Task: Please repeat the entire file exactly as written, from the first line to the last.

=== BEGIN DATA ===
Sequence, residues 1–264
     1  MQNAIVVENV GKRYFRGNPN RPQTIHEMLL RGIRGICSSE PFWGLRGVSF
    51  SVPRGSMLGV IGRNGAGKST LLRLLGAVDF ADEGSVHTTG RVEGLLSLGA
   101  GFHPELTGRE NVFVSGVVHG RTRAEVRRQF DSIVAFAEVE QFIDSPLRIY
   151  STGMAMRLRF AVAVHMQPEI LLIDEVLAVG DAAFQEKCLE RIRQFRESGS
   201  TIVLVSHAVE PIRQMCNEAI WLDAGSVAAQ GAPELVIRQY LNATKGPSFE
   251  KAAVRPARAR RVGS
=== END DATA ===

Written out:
Sequence, residues 1–264
     1  MQNAIVVENV GKRYFRGNPN RPQTIHEMLL RGIRGICSSE PFWGLRGVSF
    51  SVPRGSMLGV IGRNGAGKST LLRLLGAVDF ADEGSVHTTG RVEGLLSLGA
   101  GFHPELTGRE NVFVSGVVHG RTRAEVRRQF DSIVAFAEVE QFIDSPLRIY
   151  STGMAMRLRF AVAVHMQPEI LLIDEVLAVG DAAFQEKCLE RIRQFRESGS
   201  TIVLVSHAVE PIRQMCNEAI WLDAGSVAAQ GAPELVIRQY LNATKGPSFE
   251  KAAVRPARAR RVGS